Feeling the international influence at the Salsa Congress
Thrusting their every dance step while vying for five minutes of fame, 112 dance
Published on LatinoLA: May 30, 2002
teams and more than 3,000 salseros from more than 40 countries and 700 U.S. cities donned their dancing shoes and glitziest outfits for the 4th Annual West Coast Salsa Congress at Hollywood Park and Casino and LAX Hilton in Inglewood over Memorial Day weekend.
Produced by Albert Torres Production, this three-day event is dubbed as the
largest salsa convention of its kind, offering international salsa dance
performances, more than 40 dance workshops from beginner to advanced, international salsa bands and international DJs spinning tropical flavors and Latin beats until 4 a.m.
"What drives me to this Congress is the music and love for salsa dancing,'' said
Annie Hernandez from West Covina, a second-year attendee and Congress volunteer. "I love the high energy and the social part of salsa dancing.''
Local dance team Salsational, from Let's Dance L.A. Studio in Alhambra, performed an interpretation of the musical ``West Side Story.'' The group was among the few to receive a standing ovation for its clean choreography and well-executed lifts, jumps and technique.
"I've lost my voice because of the Congress,'' said Salsational member Hector
Llama, 21. "I'm really excited because we have been working very hard as a team,
but I'll be relieved when it's all over.''
Although the team practices year-round, director and choreographer Enio Cordoba finalized the dance only a month ago. At a practice performance at its monthly studio party a week before the Congress, Cordoba explained the need to change some moves because he had seen another teams use the same moves.
Consisting of eight couples between age 12 and about 40, the team's comical and dramatic take on the classic musical combined advanced levels of salsa and swing steps in a fun, fast and vivacious five-minute piece.
"We're like a family,'' said Salsational member Wendi Mangiagli, 20, a USC
For some of the Salsational team members, this was their first experience at the
"I'm excited to be here,'' said Salsational member Kevin Orellan, 25. "It's my first time here, I find it challenging but the point is to have fun.''
Dance teams from all over the world presented their pieces with all sorts of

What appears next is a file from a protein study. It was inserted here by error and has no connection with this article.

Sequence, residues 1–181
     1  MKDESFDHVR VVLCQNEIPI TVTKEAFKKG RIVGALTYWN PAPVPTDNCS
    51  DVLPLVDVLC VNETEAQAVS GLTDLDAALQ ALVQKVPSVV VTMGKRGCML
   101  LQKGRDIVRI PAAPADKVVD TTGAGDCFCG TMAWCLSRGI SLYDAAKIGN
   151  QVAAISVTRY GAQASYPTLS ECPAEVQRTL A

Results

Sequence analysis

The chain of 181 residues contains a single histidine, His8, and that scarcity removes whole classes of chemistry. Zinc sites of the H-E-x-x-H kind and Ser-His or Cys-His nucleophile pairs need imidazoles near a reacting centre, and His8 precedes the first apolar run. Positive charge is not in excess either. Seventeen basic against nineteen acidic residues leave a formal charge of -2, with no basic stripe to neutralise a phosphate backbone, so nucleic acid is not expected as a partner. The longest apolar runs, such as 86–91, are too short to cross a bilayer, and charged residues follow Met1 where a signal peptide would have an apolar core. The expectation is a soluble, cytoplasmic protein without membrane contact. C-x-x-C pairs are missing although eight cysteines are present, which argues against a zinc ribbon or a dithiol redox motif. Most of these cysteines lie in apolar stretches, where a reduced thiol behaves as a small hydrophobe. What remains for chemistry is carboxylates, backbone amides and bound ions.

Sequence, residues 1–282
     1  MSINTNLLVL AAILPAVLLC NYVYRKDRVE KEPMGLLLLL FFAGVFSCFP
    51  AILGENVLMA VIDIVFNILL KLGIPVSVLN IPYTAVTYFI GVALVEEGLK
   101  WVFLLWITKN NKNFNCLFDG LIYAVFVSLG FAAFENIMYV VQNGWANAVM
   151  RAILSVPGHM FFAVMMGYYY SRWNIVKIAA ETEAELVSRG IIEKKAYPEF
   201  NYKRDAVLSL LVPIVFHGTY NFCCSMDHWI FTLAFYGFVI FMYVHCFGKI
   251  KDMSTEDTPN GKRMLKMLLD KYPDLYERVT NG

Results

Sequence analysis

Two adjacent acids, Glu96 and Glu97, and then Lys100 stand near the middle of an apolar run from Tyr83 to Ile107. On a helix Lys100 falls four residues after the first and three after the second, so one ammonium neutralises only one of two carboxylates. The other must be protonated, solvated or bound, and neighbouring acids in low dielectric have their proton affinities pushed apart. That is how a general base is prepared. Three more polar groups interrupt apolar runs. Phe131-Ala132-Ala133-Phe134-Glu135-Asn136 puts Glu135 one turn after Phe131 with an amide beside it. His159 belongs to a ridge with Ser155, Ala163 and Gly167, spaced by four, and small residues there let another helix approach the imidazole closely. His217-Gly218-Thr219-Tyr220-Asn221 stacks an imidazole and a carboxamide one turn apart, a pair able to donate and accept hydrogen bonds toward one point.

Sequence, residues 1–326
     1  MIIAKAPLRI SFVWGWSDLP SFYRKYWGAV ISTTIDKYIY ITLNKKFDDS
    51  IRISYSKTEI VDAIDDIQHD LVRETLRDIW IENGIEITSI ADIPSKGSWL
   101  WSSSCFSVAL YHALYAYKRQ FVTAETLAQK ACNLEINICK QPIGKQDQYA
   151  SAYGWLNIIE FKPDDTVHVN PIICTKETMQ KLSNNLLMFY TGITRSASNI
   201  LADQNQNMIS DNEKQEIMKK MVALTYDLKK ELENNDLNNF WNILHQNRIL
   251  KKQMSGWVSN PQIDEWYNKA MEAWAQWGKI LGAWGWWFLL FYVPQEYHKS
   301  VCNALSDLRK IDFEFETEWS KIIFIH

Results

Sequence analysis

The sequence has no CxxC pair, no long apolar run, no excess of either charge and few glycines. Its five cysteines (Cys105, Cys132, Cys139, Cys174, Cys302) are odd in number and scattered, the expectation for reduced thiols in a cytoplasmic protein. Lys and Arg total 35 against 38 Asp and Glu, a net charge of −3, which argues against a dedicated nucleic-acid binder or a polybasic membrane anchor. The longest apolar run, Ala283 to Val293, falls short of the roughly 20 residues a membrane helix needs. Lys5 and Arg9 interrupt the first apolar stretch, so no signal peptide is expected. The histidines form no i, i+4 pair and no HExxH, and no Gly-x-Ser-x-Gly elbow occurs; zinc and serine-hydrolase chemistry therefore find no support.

themes such as an Egyptian King Tut hip-hop/salsa, a spoof on "Crouching Tiger
Hidden Dragon;'' Michael Jackon's "Thriller;'' and more. Some incorporated Mexican banda dance steps to grandmas in their retirement home dancing when no one was looking. Movies such as the "Matrix,'' James Bond and "Zorro'' were also interpreted with a salsa dance twist.
Teams as far as Malaysia, Australia, China, Puerto Rico, Dominican Republic,
Switzerland, Japan, London and Greensboro, S.C. also strutted their interpretations
"Who would of thought they salsa in Greensboro!" said Torres.
Season Bristol, 27, a Los Angeles-based choreographer, paid a tribute to America and to those who lost their lives and loved ones on Sept. 11 in his piece, which also received a standing ovation.
"I was terribly affected by Sept. 11 and I decided to make a tribute to America
in salsa,'' said Bristol.
The piece featured a carnival atmosphere of red, white and blue dressed salseros with dancers on stilts with a graceful duet by Gregory Day and Tommye Giachino, two Chicago-based dancers. The duet elegantly executed a high lift while Giachino draped an American flag, making the audience hit a patriotic climax. A percentage of the Congress fee will be donated to a Sept. 11 Fund.
With provocative pelvic thrusts, gyrating couples sometimes gave impromptu
performances on and off the dance floor, the hotel lobby or danced their latest
choreographed piece, tricks, jumps and spins while crowds gathered. Salsa
aficionados from all backgrounds, ages and races were "Creating Unity Through
Salsa,'' Albert Torres' motto and theme of his production.
"It's all about having fun,'' said Torres, a native New Yorker and a
An outstanding performance by Oscar D?Leon and his Orchestra from Venezuela closed out the Congress. Bandleader, bassist and showman D'Leon, known as the greatest living vocal salsa performer from Latin America, brought the house down with songs like "Lloraras'' and "Yo me voy pa Cali'' while women waited in line to dance with him on stage.
Other musical performers included New York City's Jose Alberto "El Canario'' and his orchestra, singer Ray De La Paz and Colombia's top salsa band Sonora Carruseles.
Some of L.A.'s top salsa bands that played included Johnny Polanco y su Conjunto Amistad, Freddy Crespo y su Mambo Revue and Orchestra Son Mayor.
Mitsue Kikuta, 23, of Japan who danced with Detroit partner Bobie Dickerson
expressed joy and content at the embrace of culture at the Congress. "I think it's
great everyone is here for salsa. It's unity and it makes me feel good.''
While some might think the salsa dancing professionally is just for people in
their 20s, L.A.-based and worldwide dance instructor Edie ``the Salsa Freak''
contend its not.
At the age of 30, Edie became exposed to salsa dancing during a night out and has been hooked ever since. She quit her "boring'' office job and now, at 38, is an
international instructor and editor-in-chief of a salsa overload Web site,
http://www.salsaweb.com. Her advice for women who feel a passion for dance is to pursue their dreams.
"Go for it!,'' she said proudly, before teaching beginning and advanced-level
salsa classes. "Don't grow old regretting you never followed your dream.''
As waterfalls of sweat dropped down Congress attendees' foreheads around 3:30 a.m. on a Memorial Day morning, some salseros were seen resting in corners with their dancing shoes off.
"I'm all salsaed out!'' said Duane Butler of Los Angeles as he wiped his
glistening forehead with a towel and decided to call it a night.
Susana Sanchez love to dance and write about it.